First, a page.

A Wrinkle Cream with Hyaluronic Acid is a Great Choice

Hyaluronic acid is a carbohydrate that is found naturally throughout the body. It works to keep the joints and muscles lubricated. Unfortunately hyaluronic acid has a short life span of perhaps one day in the skin, making it essential that it be constantly replenished to keep the skin nourished. If the skin has enough hyaluronic acid it will continue to keep the collagen production producing the connective tissue that keeps the skin structured as well as toned so that it is firmer and more youthful looking.

But like many other things in the body, the amount of hyaluronic acid produced in the skin reduces as we age. It then leaves the collagen with less moisture so that it starts to sag and becomes dried out because it cannot maintain its level of hydration needed without constant replenishment. This in turn leads to wrinkles and other visible signs of aging that will continue to worsen if the hyaluronic acid levels in the skin are not increased.

Why the Skin Needs Hyaluronic Acid
The good news is that hyaluronic acid is abundant in the skin with almost 50% of the body’s hyaluronic acid found there. It is found in all layers of the skin and keeps the skin moistened by binding up to 1000 times its weight in water. The collagen in the skin is what keeps the skin firm and it is hydrated by the hyaluronic acid so that when the skin stretches it goes back to its shape.

Besides retaining water that in turn provides needed nourishment to the skin, hyaluronic acid is also used to reduce inflammation and is vital to keeping the skin looking and feeling healthier. Skin without this vital ingredient will have that tired loose look that becomes wrinkled and unattractive and causes premature aging if not remedied. It has also been used in products to treat skin conditions such as psoriasis, melasma or Rosacea and has also been effective in treating acne. It is, therefore, used in more than anti aging products but can also be found in products to treat discoloration of the skin or scarring.

Where to Find Hyaluronic Acid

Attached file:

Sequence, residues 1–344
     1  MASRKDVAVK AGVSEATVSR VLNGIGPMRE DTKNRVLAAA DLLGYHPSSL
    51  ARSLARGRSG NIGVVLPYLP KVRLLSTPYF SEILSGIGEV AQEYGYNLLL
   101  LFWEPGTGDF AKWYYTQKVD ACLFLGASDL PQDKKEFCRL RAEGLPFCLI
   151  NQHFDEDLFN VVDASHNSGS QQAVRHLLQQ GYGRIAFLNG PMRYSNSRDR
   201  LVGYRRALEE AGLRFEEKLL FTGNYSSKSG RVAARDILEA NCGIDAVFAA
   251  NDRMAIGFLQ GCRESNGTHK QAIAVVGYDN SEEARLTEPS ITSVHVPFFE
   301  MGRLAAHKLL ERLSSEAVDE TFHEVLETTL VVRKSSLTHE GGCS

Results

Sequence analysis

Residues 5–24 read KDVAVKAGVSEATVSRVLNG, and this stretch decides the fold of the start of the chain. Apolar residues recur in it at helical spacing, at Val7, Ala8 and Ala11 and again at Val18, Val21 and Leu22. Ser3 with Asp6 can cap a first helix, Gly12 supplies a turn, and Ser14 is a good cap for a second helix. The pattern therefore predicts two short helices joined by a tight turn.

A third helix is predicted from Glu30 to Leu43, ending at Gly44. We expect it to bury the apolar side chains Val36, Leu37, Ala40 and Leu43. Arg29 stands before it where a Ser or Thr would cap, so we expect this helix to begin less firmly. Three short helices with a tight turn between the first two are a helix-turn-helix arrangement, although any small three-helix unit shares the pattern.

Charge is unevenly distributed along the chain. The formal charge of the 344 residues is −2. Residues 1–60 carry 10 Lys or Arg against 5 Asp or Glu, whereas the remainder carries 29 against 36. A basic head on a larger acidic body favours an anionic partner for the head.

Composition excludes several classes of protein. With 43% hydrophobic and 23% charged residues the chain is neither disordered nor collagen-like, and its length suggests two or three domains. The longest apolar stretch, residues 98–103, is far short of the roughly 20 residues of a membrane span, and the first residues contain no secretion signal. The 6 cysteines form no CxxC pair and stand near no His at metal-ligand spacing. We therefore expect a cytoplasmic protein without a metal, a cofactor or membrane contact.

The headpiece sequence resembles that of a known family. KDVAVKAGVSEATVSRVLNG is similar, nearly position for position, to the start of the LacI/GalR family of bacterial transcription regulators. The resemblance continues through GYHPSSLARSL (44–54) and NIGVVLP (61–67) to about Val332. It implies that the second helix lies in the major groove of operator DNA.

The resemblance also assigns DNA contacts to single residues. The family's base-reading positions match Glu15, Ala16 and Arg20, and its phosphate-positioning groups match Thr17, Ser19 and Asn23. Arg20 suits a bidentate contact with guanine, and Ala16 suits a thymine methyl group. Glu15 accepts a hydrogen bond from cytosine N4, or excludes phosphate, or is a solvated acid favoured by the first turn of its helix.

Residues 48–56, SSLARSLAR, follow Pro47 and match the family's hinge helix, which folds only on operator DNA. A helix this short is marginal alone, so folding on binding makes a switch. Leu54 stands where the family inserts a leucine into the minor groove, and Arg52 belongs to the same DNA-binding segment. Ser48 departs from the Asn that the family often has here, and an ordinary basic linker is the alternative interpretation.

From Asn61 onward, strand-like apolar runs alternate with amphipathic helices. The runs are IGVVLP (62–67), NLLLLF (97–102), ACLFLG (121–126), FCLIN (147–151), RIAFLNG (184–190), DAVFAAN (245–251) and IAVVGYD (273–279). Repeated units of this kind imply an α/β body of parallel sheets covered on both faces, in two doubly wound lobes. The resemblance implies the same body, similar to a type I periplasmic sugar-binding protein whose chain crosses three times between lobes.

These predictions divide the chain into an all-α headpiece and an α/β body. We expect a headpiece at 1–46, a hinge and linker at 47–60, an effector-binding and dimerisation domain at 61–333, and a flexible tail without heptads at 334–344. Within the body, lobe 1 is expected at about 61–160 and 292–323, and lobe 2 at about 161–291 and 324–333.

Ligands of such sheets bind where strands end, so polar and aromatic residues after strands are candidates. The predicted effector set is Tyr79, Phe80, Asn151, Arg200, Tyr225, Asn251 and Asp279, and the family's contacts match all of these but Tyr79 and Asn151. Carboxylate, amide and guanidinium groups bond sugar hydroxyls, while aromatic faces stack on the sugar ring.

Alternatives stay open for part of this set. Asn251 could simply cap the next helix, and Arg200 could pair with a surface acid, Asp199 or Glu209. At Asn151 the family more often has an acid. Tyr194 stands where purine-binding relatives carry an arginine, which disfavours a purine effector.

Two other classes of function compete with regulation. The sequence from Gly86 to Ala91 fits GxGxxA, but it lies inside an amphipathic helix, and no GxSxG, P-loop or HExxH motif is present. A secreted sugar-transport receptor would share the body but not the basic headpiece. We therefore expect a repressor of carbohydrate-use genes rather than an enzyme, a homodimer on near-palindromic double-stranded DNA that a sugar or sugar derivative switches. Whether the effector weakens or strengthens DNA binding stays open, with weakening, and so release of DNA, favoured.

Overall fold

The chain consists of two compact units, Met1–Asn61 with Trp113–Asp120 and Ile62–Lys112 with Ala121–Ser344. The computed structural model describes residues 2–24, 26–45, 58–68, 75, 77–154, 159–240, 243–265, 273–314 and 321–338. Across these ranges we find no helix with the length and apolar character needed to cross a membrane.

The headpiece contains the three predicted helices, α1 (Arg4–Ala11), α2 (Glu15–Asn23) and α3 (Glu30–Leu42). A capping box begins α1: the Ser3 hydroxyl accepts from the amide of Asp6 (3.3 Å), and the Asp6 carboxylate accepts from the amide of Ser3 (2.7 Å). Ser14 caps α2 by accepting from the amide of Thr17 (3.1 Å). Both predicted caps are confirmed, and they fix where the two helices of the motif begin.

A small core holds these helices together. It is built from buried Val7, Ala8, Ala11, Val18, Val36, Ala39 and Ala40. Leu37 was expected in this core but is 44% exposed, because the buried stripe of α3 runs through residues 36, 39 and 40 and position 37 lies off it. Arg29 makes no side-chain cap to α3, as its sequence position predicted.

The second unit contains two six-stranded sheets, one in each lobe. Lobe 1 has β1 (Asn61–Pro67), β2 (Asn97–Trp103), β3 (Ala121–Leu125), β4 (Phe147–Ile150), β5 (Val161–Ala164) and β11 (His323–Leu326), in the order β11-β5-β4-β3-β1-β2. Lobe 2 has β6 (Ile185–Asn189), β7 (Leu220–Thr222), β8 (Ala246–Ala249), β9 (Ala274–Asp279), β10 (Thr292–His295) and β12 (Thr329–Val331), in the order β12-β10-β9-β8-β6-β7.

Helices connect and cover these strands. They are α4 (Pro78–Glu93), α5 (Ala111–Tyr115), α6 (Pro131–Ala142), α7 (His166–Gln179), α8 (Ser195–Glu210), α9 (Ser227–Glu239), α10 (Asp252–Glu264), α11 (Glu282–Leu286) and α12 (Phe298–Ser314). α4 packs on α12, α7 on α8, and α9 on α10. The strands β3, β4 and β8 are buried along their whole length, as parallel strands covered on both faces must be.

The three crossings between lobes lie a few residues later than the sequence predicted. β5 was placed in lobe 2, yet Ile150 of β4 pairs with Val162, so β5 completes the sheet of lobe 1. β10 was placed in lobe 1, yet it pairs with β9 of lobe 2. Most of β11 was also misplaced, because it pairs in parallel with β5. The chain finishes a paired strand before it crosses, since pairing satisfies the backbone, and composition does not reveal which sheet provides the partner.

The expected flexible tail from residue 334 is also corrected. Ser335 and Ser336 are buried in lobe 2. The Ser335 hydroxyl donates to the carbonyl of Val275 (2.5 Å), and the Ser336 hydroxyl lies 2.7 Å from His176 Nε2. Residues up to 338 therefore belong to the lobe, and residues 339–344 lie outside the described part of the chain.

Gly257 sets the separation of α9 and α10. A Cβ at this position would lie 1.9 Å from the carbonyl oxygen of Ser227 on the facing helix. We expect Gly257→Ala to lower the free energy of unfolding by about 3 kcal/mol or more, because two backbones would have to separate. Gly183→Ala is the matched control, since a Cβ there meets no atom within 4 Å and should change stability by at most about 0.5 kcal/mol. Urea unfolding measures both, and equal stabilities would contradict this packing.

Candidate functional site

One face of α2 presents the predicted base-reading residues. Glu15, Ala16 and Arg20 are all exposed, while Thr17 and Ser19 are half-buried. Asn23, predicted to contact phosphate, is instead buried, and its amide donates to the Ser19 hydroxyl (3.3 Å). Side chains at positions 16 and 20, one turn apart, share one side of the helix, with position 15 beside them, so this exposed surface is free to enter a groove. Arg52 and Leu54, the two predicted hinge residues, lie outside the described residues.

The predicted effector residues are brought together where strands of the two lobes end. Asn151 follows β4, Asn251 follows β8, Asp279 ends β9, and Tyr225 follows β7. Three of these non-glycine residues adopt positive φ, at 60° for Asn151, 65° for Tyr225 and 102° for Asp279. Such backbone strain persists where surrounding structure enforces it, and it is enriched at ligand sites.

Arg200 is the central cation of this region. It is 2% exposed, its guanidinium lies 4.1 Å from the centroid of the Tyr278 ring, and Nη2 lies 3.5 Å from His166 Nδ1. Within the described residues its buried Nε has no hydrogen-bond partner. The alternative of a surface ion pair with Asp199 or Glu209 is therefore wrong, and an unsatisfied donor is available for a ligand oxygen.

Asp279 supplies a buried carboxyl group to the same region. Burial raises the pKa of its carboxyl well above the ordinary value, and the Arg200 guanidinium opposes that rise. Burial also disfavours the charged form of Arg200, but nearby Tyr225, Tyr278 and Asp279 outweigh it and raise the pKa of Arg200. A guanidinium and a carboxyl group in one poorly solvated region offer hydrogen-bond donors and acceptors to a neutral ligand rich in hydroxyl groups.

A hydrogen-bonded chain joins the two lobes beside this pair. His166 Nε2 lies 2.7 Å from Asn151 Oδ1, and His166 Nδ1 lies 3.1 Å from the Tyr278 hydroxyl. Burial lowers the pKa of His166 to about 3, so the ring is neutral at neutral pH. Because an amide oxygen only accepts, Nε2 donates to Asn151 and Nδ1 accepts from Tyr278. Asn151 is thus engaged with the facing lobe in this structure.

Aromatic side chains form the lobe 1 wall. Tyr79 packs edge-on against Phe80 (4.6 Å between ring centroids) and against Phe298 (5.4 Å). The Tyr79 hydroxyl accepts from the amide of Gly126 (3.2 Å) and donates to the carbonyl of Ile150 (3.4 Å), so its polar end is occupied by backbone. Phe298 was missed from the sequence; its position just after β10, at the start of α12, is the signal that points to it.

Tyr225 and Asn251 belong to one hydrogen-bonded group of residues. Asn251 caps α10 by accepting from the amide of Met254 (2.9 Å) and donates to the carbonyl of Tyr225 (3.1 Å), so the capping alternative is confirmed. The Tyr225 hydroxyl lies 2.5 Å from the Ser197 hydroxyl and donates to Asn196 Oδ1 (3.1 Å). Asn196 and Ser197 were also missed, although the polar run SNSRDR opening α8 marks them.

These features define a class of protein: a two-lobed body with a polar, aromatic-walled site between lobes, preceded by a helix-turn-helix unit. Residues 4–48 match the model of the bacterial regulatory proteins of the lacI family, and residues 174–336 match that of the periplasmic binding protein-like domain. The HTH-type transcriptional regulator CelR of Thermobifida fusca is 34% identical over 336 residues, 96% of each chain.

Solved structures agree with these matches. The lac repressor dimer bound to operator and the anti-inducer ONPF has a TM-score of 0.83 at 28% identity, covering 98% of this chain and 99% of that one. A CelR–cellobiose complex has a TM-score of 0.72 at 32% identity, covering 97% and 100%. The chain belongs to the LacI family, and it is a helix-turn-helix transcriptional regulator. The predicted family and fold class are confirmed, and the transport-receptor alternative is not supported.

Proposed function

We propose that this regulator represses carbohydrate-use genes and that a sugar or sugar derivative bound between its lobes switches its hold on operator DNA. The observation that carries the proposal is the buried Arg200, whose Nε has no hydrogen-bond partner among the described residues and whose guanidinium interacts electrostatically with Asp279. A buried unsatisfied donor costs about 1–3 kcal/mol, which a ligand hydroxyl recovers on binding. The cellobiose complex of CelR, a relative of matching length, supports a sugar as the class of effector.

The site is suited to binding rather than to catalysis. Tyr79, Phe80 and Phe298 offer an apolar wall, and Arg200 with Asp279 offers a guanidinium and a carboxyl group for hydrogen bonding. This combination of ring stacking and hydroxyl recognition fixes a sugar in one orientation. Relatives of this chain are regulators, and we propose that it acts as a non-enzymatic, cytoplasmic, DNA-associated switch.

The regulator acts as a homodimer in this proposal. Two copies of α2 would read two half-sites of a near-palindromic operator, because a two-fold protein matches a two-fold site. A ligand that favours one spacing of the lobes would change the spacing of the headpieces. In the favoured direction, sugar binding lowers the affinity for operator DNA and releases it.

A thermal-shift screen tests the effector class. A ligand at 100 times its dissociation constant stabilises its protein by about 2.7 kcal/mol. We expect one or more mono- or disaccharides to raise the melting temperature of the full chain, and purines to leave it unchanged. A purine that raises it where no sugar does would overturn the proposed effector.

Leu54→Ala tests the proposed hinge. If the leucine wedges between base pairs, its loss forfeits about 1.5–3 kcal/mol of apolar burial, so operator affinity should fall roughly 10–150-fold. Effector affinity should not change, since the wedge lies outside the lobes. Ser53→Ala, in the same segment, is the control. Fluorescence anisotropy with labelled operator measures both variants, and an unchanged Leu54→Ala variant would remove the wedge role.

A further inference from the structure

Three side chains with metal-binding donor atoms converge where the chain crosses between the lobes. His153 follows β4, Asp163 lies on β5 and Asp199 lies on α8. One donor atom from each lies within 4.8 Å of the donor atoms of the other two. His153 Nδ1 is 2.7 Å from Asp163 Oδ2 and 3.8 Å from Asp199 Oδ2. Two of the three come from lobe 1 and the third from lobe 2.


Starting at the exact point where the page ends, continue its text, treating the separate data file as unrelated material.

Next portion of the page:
Since our production of hyaluronic acid reduces with age, we need to replenish our supply so that we can repair the skin that has been damaged from environmental stress and sun damage or premature aging. It is found often in many skin care products because it is a great moisturizer making it extremely beneficial to the skin. There are many anti aging products available where you can get the hyaluronic acid that is needed for the skin. With creams, cleansers and lotions and other products there is no problem finding one, but the amounts of hyaluronic acid in these products will vary tremendously so you need to read the labels carefully and determine which one is right for you – and ensure that it is treating the skin condition that you are trying to remedy.

You can also take health supplements so that you get the hyaluronic acid internally rather than by applying it topically to the skin. Some of the supplements with ample amounts of hyaluronic acid may be more expensive, especially those that are injected rather than taken in capsule form. You can find these hyaluronic acid supplements in pharmacies, vitamin shops or health food stores and they can also be found online through distributors or other online stores.

Are There Side Effects with Hyaluronic Acid?
Most products that you purchase to be used topically in a cream, a lotion, cleanser, mask or other treatment will not contain high concentrations of hyaluronic acid but as noted the concentrations will vary by product. Most people do not have any negative reactions to hyaluronic acid but sometimes people have a mild reaction like a rash or minor skin irritation that will cease when you stop taking it. If it is injected into the skin, it might cause redness or slight pain for awhile but rarely are there any allergic reactions to hyaluronic acid. It is recommended however, that you should not take hyaluronic acid during pregnancy or if you are breast feeding especially if taken by injection as the effects are unknown on the infant.